to help ensure that members of the public, attorney and non-attorney alike, has effective access to justice. To achieve that vision, the Law Library provides access to information required for participating in the legal system, resolving legal disputes, engaging in commerce, completing academic projects, and tending to personal affairs.

inspires social responsibility related activities. For example, in mid-March the law library started an online campaign raise $4,500 to strengthen the library’s collection of immigration related books. Thanks to the generous support of 17 donors including a $500 challenge the campaign raised $2,000 – less than the goal but still enough to make a significant improvement to the collection.

In mid-May the Filipino Advocates for Justice asked the library about using one of the library’s conference rooms for a naturalization workshop. That workshop will be help on July 12.

The annual Bernard E. Witkin Lecture this year followed the theme of immigration related issues featuring the co-authors of Fred Korematsu Speaks Up,  Laura Atkins and Stan Yogi. They talked about how they came to write this children’s book and how they talk about the parallels between the Japanese internment executive order and the recent executive order about travelers from select countries. Stan’s mother was in an internment camp and the law library building served as a staging area for the internment camps in May 1942.

In 2016 the law library remodeled little used books stack space into a loft/warehouse-like area for the Bay Area Legal Incubator (BALI). Legal incubators provide training for new lawyers in business & practice of law while serving low & modest income individuals. BALI was not the first legal incubator, but it is the first in a law library.

Beginning January 2017 on the first Saturday of every month the law library hosts a Community Legal Assistance Saturday Program (CLASP) clinic from 10:30 to 12:30. Staffed by volunteers and employees from the Alameda County Bar Association & Volunteer Legal Services Corp. Staff and volunteers perform an intake interview and triage the individual to assign them for the best volunteer available that day. The clinic gives individuals an opportunity to discuss with an attorney their legal issue and sometimes get help with forms.

Several years ago, the law library began hosting rotating art shows from local artists. For the past three years the May show featured the ABA Law Day theme. This May the show featured photographs related to “The 14th Amendment, Transforming American Democracy.” Last year the show the art built on “Miranda, More than Words.” Both shows are available for viewing online. In 2014 we had an installation “Words that Glimmer” about the “Magna Carta: Symbol of Freedom Under Law.”

Earlier this year the exhibit “Voices and Visions from Inside San Quentin” featured paintings by artists incarcerated at San Quentin prison.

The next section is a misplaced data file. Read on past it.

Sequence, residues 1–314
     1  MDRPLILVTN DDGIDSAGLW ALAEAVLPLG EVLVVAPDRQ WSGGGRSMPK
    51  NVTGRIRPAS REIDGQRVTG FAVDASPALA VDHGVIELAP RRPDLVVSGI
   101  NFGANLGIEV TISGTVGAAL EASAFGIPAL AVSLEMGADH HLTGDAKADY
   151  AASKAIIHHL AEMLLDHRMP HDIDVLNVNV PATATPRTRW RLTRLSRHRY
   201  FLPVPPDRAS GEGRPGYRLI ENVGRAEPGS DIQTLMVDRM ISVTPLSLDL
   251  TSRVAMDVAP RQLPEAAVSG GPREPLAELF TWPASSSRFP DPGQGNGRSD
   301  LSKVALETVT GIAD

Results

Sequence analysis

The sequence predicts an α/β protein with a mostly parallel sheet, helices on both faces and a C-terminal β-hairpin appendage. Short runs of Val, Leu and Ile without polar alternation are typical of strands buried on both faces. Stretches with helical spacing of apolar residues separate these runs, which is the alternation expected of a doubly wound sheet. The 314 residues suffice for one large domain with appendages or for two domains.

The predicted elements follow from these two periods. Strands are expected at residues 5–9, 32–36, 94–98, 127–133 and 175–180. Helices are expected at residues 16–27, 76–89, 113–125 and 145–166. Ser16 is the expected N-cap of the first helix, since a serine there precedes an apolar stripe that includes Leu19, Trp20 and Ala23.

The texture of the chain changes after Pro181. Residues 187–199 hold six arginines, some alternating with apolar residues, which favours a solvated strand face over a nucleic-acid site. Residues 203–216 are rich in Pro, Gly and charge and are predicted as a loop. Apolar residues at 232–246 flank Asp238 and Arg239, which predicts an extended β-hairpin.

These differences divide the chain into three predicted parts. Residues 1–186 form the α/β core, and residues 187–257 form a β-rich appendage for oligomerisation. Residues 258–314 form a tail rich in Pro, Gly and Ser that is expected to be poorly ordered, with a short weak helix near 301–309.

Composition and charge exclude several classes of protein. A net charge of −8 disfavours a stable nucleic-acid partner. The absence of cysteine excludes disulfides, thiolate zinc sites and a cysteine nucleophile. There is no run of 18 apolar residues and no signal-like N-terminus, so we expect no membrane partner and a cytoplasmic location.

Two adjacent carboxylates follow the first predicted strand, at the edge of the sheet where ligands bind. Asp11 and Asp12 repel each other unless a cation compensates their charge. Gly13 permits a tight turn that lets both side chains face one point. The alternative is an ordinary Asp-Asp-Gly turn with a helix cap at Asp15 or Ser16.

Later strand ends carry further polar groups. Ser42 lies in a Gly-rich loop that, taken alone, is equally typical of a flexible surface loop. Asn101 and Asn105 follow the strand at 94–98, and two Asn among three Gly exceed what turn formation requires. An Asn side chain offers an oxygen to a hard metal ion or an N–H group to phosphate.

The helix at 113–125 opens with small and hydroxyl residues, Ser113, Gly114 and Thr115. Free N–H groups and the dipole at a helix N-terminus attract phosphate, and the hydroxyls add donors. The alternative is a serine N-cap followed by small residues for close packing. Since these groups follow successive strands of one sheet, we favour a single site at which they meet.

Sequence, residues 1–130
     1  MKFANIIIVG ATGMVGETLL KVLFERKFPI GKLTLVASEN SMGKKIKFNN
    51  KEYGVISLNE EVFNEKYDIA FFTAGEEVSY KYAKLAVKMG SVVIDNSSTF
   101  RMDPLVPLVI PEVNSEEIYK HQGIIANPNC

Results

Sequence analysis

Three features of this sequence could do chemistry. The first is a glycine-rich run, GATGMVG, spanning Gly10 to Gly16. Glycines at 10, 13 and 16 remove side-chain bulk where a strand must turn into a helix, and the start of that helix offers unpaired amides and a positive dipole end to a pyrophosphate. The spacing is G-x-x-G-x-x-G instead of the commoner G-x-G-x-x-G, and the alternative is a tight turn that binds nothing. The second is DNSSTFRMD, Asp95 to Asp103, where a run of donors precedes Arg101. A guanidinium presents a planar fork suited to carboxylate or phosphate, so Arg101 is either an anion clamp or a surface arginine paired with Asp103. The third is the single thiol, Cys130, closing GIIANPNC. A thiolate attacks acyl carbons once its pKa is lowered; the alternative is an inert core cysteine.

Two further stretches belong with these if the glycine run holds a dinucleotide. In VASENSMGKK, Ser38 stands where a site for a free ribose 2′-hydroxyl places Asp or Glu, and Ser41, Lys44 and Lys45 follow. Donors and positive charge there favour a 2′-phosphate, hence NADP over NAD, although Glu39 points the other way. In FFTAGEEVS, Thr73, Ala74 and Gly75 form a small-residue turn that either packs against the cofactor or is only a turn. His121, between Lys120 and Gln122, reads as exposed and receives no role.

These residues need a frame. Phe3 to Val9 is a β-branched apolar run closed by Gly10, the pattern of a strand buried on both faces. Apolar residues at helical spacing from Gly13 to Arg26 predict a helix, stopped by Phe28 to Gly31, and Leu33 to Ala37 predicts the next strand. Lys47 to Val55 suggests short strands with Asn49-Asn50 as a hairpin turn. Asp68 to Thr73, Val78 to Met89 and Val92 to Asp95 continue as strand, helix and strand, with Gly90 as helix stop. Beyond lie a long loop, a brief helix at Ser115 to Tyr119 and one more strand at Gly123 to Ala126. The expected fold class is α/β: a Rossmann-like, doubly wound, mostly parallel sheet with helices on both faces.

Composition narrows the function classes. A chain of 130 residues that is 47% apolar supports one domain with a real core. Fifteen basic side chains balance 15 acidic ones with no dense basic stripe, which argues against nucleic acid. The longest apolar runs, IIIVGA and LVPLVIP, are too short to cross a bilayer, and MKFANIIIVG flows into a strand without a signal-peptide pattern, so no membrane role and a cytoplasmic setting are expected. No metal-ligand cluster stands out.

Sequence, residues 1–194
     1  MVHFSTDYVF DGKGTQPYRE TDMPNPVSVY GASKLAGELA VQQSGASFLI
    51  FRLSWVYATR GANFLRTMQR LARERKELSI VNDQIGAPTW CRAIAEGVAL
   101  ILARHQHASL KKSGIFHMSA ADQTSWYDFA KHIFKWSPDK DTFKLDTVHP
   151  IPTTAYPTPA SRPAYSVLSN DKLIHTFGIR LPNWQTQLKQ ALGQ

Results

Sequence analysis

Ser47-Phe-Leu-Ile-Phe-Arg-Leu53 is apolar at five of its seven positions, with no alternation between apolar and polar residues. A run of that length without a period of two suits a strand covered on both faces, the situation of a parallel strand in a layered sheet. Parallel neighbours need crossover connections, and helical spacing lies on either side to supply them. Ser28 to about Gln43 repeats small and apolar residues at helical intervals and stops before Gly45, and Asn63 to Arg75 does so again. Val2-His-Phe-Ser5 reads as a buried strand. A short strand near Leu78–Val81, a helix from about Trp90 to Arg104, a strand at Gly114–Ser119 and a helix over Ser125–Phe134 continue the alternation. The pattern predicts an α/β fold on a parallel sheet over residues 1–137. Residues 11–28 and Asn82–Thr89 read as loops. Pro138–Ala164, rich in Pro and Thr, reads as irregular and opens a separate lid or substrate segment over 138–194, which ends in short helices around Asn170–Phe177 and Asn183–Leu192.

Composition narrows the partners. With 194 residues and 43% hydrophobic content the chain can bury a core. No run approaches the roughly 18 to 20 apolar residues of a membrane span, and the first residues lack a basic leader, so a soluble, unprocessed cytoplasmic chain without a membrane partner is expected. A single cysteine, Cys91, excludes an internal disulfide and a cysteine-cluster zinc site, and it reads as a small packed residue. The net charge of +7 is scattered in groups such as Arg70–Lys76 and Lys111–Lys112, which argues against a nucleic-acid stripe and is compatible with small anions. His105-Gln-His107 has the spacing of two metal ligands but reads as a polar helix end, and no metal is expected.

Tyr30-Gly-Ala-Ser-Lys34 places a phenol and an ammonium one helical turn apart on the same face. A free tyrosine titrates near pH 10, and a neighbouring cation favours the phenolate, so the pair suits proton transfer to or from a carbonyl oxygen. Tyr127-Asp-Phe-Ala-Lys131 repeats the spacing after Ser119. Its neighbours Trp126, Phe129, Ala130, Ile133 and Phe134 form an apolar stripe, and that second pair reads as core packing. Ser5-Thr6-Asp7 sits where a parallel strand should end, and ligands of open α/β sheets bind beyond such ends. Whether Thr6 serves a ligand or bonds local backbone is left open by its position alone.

In spring of 2015 the ACBA decided that managing the Lawyer in the Library program didn’t align enough with their strategic directions so they were going to stop managing the program.  I saw it and see it as a valuable service for volunteer lawyers and libraries throughout the county.  So, I volunteered the law library to assume responsibility for managing the county wide program which provides free consultation on a wide variety of issues at public libraries on a rotating basis throughout the month.

For several months – until limited funding forced them to curtail the number of clinics—the law library hosted a clinic of The Clean Slate Practice of the East Bay Community Law Center. The Clean Slate Practice is focused on helping people who have had contact with the criminal justice system successfully rejoin their communities. The Clean Slate Practice provides comprehensive legal representation, including direct advocacy, policy advocacy and large-scale litigation, to help overcome barriers to employment, housing, education, and civic participation. Clean Slate clients teach us that when they are able to work, to find safe and stable housing, and to have a public voice, they are able to support themselves, their families, and their communities, which is a foundation of public safety and human dignity.”

The law library serves mostly non-attorneys. The California Business & Professions Code Sec 6300 and following authorize each county to form a law library board of trustees.  That board is comprised of 5 judges and 2 members of the Board of Supervisors (the elected governing body of the county). The actual mechanism of the appointments varies from county to county. The board of trustees meets monthly, adopts polices and hires staff to run the library.

County law libraries receive over 90% of their funding from a statutorily set portion of civil filing fees. They receive no funds from the state budget. The number of cases filed statewide had plummeted at the same time legal information cost skyrocketed.  This means every law library has curtailed services in many ways. In Alameda County, it meant that we closed the south county branch in Hayward. Now there is no public photocopier, printer, computer or typewriter within 1.5 miles of the courthouse.

The Hayward closure also ended a monthly session with a member of California Association of Legal Document Assistants (CALDA), who helped individuals complete their legal forms and twice monthly lawyer in the library sessions. The Hayward branch also provided a private space for monthly restraining order workshops by the Family Violence Law Center.